As a kid, there was little that got the blood stirring more than the anticipation of a sports tournament. It would start the night before: you would lay out your kit and dream up extravagant set-piece moves that never saw the light of day. We never won, but no matter. It really was the taking part that counted.
Imagine my delight when the local prep school invited all the local primary schools to take part in an under-7 football tournament. My eldest son loves football and, while he is no Lionel Messi, the thought of watching him in his first “proper” tournament stirred memories of my own dreams of glory.
As a teacher at the prep school, my wife prompted our son’s state school to organise a team to play on its magnificent pitches. There were to be no winners or trophies, just nigh-on 100 local kids enjoying fresh air, recreation and team spirit. Awesome.
How wrong we were. Apparently, any trip that involves pupils going off site requires a fully-fledged teacher to accompany them. So while the school saw this was a good opportunity, it told us that all the teachers were busy that day. Absolutely right, we thought, you should be busy teaching the children. No matter, several parents, already DBS-checked (presumably for this sort of eventuality), put themselves forward for the day.
But no. Volunteers are not qualified for this. We now find ourselves in a quandary. If we can’t persuade the school, or the local authority, to allow the team to be taken by willing volunteers, we may have to remove the children from the school for the afternoon, incurring several unauthorised absences and causing a headache for the headteacher. I believe that only four schools are to take part, from 15 invited.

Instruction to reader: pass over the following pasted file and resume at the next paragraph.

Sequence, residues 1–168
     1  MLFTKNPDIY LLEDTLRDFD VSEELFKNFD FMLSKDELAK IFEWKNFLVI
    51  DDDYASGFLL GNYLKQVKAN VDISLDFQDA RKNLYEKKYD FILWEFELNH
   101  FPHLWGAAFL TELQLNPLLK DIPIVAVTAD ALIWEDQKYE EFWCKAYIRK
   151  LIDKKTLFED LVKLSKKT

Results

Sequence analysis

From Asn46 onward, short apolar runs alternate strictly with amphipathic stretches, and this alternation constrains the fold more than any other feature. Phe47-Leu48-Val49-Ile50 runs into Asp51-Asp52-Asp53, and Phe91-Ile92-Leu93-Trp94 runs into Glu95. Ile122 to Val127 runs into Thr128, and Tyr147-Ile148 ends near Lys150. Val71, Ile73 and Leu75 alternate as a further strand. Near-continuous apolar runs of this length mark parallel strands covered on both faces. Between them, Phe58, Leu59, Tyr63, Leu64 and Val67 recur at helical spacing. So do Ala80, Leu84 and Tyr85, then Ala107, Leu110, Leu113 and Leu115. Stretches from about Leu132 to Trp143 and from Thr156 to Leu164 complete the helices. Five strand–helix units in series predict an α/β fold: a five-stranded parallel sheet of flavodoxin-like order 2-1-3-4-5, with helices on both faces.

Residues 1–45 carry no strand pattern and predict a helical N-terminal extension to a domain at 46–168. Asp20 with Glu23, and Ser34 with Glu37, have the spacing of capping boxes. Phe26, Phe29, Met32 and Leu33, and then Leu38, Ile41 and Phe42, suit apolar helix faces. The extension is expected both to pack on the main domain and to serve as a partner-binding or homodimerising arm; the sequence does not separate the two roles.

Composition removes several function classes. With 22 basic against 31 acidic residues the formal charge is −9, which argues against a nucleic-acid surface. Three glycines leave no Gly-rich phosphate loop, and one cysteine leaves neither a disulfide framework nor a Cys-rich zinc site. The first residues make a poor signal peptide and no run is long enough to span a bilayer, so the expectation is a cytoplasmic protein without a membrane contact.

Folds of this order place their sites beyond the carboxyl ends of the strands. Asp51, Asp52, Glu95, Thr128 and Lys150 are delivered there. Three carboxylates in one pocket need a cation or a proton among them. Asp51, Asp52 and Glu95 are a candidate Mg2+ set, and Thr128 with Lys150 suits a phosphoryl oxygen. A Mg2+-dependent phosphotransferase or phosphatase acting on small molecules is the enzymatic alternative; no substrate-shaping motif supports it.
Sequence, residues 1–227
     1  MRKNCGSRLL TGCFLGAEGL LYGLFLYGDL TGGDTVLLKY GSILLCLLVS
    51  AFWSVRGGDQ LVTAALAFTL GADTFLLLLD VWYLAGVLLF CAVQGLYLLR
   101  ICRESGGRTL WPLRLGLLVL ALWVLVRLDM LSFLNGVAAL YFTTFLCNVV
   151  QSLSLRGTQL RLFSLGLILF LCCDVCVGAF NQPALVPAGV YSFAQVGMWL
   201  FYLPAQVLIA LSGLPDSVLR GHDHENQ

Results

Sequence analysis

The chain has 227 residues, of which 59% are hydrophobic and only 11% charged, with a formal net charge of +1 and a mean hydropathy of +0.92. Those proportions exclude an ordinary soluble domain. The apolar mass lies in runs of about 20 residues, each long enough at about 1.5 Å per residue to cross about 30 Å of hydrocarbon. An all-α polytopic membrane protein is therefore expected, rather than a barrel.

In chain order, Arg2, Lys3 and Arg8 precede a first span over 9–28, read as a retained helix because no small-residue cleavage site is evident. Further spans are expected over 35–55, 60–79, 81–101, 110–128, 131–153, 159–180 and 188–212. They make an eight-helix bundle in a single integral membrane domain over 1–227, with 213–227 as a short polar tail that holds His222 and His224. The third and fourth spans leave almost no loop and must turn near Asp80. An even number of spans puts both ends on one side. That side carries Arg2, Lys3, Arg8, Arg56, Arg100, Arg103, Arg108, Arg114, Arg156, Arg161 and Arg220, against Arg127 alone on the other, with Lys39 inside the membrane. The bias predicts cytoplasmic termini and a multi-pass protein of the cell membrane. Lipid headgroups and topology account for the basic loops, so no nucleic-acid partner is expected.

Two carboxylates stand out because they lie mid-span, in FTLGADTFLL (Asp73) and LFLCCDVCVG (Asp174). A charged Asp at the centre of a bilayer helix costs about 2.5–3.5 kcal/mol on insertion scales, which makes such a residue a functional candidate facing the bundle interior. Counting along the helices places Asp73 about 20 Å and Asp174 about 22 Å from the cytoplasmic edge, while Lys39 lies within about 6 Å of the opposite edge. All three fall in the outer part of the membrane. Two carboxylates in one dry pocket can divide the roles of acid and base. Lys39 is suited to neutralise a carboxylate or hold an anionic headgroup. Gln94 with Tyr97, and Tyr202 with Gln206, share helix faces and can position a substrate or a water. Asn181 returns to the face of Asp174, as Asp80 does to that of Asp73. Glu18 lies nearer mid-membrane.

I posed this dilemma to a colleague in another independent school who, it turned out, had seen a similar thing: in this case, four primary schools had been approached with the offer of free, after-school coaching with two Olympic sportspeople, and not one positive response had come back. I wonder if the parents had even been informed of the opportunity. If I was a parent with a child in one of those schools, I’d have been apopleptic.
This seems bang-your-head-on-the-table crazy. As an experienced teacher in private schools, I have seen what a positive impact sport can have on young children, yet as a parent of two in state education, I am flummoxed by the red tape that seems to be denying the chance for independent schools to offer the outreach so badly needed in a society increasingly polarised between the haves and the have-nots.
Of course I understand the need for watertight child protection and safeguarding. Yet if a DBS-checked, safeguarding-trained group of parents (one of them a teacher) with parental permission and a risk assessment can’t scoot a mile down the road with their five sons for a kick-around attended by St John’s Ambulance, I’m not sure the world hasn’t got just a little paranoid.
Mitigating risk is vital, and every person involved in education must understand that, as even one child falling through that safety net into physical danger or being exposed to predatory influences is a tragedy. However, an equal tragedy would be to sacrifice the chance for cross-sector collaboration and the wellbeing (and sheer fun) of young people on the altar of bureaucratic anxiety.
I don’t blame my son’s teachers, I think the school is great. But the machine needs fixing somehow. Independent schools are desperate to reach out (their future survival depends on it) and state schools should be biting their arms off to take these opportunities.
I am gutted my lad and his mates won’t be able to show off their double-dummy, rainbow-flick free-kick routine. But if it has exposed a flaw in the system that we can change for the better, then I’ll take that as a win.